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Internet Prophets, Private Profits, and the Costs to Community
How has the Internet been changing our lives, and how did these changes come about? Nathan Newman seeks the answers to these questions by studying the emergence of the Internet economy in Silicon Valley and the transformation of power relations it has brought about in our new information age. Net Loss is his effort to understand why technological innovation and growth have been accompanied by increasing economic inequality and a sense of political powerlessness among large sectors of the population. Newman first tells the story of the federal government’s crucial role in the early development of the Internet, with the promotion of open computer standards and collaborative business practices that became the driving force of the Silicon Valley model. He then examines the complex dynamic of the process whereby regional economies have been changing as business alliances built around industries like the Internet replace the broader public investments that fueled regional growth in the past. A radical restructuring of once regionally focused industries like banking, electric utilities, and telephone companies is under way, with changes in federal regulation helping to undermine regional planning and the power of local community actors. The rise of global Internet commerce itself contributes to weakening the tax base of local governments, even as these governments increasingly use networked technology to market themselves and their citizens to global business, usually at the expense of all but their most elite residents. More optimistically, Newman sees an emerging countertrend of global use of the Internet by grassroots organizations, such as those in the antiglobalization movements, that may help to transcend this local powerlessness.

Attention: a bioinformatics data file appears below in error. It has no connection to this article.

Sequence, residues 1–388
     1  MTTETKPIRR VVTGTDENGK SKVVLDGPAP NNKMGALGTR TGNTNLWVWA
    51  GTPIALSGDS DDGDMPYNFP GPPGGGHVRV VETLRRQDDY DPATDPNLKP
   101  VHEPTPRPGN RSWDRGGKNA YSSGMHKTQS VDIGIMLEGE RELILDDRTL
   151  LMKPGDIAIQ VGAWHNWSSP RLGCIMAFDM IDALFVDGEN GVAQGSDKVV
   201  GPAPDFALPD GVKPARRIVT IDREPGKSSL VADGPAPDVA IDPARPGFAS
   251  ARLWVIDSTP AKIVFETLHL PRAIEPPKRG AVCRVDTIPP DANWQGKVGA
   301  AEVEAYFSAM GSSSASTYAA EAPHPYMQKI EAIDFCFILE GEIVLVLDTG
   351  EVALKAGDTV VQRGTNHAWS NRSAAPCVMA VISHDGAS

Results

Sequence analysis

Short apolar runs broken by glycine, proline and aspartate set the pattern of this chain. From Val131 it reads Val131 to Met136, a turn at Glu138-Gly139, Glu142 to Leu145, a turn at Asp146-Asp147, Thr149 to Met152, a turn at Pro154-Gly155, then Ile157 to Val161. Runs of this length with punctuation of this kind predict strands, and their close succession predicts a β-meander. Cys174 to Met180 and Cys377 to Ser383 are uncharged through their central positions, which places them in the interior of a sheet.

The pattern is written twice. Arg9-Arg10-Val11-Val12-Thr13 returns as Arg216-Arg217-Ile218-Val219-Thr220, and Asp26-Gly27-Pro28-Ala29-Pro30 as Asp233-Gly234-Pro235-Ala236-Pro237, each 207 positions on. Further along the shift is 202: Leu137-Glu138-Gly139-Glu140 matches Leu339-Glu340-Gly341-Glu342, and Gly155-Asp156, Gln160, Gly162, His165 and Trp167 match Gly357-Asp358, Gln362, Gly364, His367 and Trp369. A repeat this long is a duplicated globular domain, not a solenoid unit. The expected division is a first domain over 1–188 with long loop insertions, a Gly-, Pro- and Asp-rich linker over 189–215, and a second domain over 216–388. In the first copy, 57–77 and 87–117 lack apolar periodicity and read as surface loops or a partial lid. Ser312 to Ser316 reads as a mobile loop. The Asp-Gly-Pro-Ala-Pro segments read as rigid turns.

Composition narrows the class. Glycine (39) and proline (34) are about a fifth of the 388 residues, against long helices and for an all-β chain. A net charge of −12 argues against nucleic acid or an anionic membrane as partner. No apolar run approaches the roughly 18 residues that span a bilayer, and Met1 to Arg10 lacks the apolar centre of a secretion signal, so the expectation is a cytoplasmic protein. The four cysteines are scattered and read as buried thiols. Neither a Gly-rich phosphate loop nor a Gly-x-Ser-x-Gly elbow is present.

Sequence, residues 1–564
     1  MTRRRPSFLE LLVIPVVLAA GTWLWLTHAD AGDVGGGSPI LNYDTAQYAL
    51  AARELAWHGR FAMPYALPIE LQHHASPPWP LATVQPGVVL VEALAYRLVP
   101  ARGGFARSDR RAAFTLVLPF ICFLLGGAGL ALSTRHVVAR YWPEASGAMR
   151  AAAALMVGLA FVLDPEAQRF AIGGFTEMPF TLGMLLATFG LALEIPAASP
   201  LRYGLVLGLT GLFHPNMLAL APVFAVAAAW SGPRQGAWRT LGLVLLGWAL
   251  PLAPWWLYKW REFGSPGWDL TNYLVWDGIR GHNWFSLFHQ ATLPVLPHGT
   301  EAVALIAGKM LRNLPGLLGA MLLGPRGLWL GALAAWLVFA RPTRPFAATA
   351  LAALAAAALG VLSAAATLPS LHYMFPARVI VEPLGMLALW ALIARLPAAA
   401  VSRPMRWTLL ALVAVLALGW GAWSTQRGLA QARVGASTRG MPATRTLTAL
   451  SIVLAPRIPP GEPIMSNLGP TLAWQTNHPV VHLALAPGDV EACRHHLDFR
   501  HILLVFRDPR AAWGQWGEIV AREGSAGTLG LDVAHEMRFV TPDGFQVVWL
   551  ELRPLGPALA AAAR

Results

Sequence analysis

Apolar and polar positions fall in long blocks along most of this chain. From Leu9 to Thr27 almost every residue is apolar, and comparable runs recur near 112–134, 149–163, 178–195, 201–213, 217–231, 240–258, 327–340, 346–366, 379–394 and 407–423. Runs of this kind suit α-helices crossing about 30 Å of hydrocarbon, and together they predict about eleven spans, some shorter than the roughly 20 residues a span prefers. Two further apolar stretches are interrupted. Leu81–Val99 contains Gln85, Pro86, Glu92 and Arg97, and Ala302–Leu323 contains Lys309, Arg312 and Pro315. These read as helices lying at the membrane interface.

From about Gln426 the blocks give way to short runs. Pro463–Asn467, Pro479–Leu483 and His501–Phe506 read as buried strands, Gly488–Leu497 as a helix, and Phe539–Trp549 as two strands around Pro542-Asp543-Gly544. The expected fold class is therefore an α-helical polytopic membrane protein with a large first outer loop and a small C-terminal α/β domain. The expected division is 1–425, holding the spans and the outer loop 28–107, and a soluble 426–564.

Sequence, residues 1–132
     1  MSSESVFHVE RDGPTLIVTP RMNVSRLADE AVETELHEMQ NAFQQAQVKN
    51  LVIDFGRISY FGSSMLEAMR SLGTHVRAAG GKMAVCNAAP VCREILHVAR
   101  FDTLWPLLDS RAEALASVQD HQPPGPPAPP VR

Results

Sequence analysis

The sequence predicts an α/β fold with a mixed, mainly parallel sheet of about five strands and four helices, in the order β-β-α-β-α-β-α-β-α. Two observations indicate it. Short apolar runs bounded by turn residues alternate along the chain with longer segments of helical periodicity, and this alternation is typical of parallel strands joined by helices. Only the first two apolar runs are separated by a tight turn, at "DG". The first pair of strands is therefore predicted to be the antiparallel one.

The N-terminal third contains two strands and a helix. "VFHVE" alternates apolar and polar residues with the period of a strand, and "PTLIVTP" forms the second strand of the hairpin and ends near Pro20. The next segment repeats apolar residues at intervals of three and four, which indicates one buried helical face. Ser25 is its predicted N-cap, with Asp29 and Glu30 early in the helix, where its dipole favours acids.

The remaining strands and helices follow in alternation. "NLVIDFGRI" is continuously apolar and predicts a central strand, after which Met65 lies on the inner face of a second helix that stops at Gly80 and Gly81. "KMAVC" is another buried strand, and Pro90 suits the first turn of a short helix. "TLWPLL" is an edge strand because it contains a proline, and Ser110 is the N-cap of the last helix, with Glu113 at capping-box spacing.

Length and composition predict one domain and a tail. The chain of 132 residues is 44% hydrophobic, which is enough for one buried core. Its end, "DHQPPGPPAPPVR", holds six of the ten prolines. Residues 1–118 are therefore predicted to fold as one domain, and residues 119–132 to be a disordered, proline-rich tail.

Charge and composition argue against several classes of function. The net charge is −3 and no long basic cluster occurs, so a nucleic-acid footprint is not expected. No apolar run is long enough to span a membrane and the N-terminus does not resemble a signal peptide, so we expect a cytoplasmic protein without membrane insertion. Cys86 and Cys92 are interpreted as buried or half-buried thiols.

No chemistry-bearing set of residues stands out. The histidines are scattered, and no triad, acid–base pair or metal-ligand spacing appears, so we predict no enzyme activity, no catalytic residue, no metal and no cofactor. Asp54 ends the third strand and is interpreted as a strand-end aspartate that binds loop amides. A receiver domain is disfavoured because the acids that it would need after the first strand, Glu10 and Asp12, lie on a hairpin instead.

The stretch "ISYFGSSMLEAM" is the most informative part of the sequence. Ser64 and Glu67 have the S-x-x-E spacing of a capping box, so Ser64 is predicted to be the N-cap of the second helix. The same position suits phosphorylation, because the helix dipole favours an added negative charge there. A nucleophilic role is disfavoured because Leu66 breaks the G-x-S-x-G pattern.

Institutions, Networks, and Power
In the twenty-first century, the production and use of scientific knowledge is more regulated, commercialized, and participatory than at any other time in history. The stakes in understanding these changes are high for scientist and nonscientist alike: they challenge traditional ideas of intellectual work and property and have the potential to remake legal and professional boundaries and transform the practice of research. A critical examination of the structures of power and inequality these changes hinge upon, this book explores the implications for human health, democratic society, and the environment.
Disrupting the Digital World
The digital world profoundly shapes how we work and consume and also how we play, socialize, create identities, and engage in politics and civic life. Indeed, we are so enmeshed in digital networks—from social media to cell phones—that it is hard to conceive of them from the outside or to imagine an alternative, let alone defy their seemingly inescapable power and logic. Yes, it is (sort of) possible to quit Facebook. But is it possible to disconnect from the digital network—and why might we want to?
Off the Network is a fresh and authoritative examination of how the hidden logic of the Internet, social media, and the digital network is changing users’ understanding of the world—and why that should worry us. Ulises Ali Mejias also suggests how we might begin to rethink the logic of the network and question its ascendancy. Touted as consensual, inclusive, and pleasurable, the digital network is also, Mejias says, monopolizing and threatening in its capacity to determine, commodify, and commercialize so many aspects of our lives. He shows how the network broadens participation yet also exacerbates disparity—and how it excludes more of society than it includes.
Uniquely, Mejias makes the case that it is not only necessary to challenge the privatized and commercialized modes of social and civic life offered by corporate-controlled spaces such as Facebook and Twitter, but that such confrontations can be mounted from both within and outside the network. The result is an uncompromising, sophisticated, and accessible critique of the digital world that increasingly dominates our lives.
Facial Recognition Technology and the Culture of Surveillance
“A groundbreaking study. Our Biometric Future considers facial recognition technology through its wide range of political entanglements, such as post-9/11 security measures, the management of urban populations in commercial districts, and self-representation in online social networking sites. Across these contexts, Gates shows how facial recognition's political effects have developed in spite of the fact that the technology does not actually work very well. Written with style and wit, Our Biometric Future will resonate with readers in cultural studies, new media, science and technology studies, and anyone interested in surveillance, privacy and security in contemporary life.”